Brits are being warned over scary social media tricks that thieves use to target houses to burgle.
While there are many wonderful aspects to social media, there are also dark sides that users are becoming increasingly aware of, as an ex-burglar warns that criminals are now exploiting social media posts to make people a break-in target.
Security experts have also just issued a warning to Brits over a bizarre kidney bean trick being used by thieves to 'mark' homes they want to target.
And now homeowners are being told to AVOID some seriously common social media uploads in order to keep their properties safe from criminals.
According to Hull Live, your social media posts could actually supply thieves with precise information about where and when to attack, as well as what to take.
Experts warn that since the social media culture is so centred on bragging and showing off breathtaking holidays, gorgeous clothing or jewellery, or even a new coffee machine, burglars will be keeping eyes on it.
According to the Information Commissioner's Office, only a quarter of Facebook, Instagram, Twitter, and TikTok users in the UK have their accounts set to private, leaving the remaining 75% vulnerable to typical posting blunders that make the break-ins easier.
Sharing the risks of social media Anthony Neary, managing director of safe.co.uk, explained, "There’s no denying social media is a vital part of our lives now. We all like to share our favourite moments and experiences from time to time, but it’s important to know that there is an element of risk in doing so.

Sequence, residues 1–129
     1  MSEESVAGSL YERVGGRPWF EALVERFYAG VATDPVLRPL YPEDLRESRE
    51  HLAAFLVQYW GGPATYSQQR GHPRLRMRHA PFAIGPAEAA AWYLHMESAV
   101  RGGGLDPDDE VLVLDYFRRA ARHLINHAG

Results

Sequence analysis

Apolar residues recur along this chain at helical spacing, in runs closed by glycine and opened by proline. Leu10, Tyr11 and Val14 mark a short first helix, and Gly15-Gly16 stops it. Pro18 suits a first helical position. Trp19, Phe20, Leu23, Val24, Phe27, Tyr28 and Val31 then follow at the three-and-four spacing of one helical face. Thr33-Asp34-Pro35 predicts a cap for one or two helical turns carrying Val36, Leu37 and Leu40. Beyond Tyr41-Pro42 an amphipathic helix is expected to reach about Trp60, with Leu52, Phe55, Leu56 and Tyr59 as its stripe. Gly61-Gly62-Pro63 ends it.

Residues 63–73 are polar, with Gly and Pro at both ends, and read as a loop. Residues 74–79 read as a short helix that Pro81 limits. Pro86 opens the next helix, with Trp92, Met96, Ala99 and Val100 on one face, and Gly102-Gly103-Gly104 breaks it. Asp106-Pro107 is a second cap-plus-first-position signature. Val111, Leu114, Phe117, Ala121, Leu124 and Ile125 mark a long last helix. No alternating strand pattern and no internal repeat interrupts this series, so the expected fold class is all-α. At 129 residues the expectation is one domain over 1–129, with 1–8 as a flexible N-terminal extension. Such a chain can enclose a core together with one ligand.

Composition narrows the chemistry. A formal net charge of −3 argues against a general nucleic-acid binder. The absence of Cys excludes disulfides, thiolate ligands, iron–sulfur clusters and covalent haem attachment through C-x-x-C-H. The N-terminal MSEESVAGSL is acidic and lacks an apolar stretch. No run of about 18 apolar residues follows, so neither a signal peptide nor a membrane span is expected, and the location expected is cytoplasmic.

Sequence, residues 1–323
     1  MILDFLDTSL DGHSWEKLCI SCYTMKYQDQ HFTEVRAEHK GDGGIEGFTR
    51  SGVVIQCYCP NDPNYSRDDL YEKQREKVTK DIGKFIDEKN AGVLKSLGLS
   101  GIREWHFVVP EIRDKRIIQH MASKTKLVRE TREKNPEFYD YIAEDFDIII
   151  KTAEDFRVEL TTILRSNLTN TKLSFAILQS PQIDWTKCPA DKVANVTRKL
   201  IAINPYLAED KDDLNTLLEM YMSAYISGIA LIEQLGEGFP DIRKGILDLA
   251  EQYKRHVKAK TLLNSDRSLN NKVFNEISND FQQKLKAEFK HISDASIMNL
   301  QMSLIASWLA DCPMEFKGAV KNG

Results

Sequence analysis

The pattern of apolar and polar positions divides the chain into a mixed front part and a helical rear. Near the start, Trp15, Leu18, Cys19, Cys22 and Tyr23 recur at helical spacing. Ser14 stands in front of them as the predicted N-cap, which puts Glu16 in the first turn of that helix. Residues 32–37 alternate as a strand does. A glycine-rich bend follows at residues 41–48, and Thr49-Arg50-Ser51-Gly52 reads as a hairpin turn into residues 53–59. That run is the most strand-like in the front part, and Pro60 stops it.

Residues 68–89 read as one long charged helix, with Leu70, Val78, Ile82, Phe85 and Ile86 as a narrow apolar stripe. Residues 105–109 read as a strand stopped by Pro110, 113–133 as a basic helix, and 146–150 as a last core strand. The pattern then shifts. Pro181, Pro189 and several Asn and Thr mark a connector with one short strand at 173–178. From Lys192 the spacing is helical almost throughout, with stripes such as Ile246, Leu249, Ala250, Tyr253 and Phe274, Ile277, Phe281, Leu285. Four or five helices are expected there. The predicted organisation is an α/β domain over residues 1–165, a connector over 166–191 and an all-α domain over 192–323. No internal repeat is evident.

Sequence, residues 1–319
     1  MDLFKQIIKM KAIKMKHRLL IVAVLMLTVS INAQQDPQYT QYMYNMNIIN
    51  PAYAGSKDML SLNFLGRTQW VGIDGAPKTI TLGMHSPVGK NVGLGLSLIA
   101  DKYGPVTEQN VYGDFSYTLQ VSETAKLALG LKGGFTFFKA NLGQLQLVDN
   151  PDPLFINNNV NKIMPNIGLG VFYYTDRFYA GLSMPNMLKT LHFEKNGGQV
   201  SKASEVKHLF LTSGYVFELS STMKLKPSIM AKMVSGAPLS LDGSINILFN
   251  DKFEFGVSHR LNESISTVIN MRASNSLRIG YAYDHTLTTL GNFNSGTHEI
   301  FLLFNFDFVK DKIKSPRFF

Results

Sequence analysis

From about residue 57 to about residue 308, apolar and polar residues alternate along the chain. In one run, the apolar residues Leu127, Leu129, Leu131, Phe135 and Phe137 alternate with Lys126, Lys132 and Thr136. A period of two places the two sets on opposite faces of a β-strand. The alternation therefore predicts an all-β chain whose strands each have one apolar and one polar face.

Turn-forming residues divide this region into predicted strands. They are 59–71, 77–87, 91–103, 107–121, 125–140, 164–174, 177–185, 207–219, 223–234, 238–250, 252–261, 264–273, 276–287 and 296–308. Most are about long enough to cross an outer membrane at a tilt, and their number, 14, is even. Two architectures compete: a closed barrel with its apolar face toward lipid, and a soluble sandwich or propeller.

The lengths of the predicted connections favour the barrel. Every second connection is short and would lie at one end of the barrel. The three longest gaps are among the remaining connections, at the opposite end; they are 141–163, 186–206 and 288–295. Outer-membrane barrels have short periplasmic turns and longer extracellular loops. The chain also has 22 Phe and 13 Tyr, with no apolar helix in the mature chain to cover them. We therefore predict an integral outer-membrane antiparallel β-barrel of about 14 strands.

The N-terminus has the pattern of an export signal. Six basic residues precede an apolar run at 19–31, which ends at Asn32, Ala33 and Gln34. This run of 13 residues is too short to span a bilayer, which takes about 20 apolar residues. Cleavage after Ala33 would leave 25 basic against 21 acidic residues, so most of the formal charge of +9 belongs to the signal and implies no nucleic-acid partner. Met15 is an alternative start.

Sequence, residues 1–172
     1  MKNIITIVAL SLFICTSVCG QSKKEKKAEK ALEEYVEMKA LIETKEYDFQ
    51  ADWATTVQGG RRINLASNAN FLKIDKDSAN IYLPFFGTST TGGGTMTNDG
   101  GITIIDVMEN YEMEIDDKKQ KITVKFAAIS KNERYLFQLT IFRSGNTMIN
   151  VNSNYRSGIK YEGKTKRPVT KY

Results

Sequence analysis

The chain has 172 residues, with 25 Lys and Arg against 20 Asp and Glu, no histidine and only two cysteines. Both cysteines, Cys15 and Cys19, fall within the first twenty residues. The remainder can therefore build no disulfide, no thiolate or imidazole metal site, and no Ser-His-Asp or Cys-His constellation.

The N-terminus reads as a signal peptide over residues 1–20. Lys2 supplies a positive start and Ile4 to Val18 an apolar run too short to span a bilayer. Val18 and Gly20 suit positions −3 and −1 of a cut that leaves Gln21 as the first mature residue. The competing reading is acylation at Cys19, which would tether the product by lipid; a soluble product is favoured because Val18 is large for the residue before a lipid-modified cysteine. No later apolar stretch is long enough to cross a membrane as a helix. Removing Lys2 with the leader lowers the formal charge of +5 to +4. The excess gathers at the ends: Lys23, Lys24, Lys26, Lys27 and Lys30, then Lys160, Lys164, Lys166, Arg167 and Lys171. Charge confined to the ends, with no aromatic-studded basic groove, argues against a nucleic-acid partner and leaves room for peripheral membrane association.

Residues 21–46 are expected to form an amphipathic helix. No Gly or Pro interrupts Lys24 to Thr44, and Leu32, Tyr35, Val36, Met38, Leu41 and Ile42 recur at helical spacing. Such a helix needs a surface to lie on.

"By speaking with burglars and victims, we were able to dissect the main areas of social media that assists criminals in their illegal activities."
Stopping real-time updates that reveal your exact location and timings, which provide a great opportunity for burglars to strike, is one of the easiest ways to avoid being a victim of a potential break in.
There are 16.3 million #airport posts and 152 million #holiday hashtags on Instagram alone. Plus , 2.8 million posts mentioning passports and 128k photographs of boarding passes.
A former burglar explains, "We used to keep tabs on when our followers were away from home. We could find out where they were going and how long for, to plan the best way of making a move."
If buying a new home wasn't stressful enough, what with having to deal with stamp duty, working out how to get a mortgage, and understanding mortgage rates, posting your property online can quickly turn your new home bliss into a nightmare.
It's simple to make a key copy from a picture; in some cases, you can simply take it to a locksmith and have one made for you quickly. So avoid posting snaps of your new house keys onto your feed.
According to stats, new home posts on TikTok have had over 506.4 million views, with each showing an address street sign, the layout of the property, or even photographs of keys, all of which can be copied for easy access without breaking in.
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Kudzai Chibaduki joined Future as a trainee news writer for Good To, writing about fashion, entertainment, and beauty. She's now a freelance fashion wardrobe stylist and helps direct magazine photoshoots.
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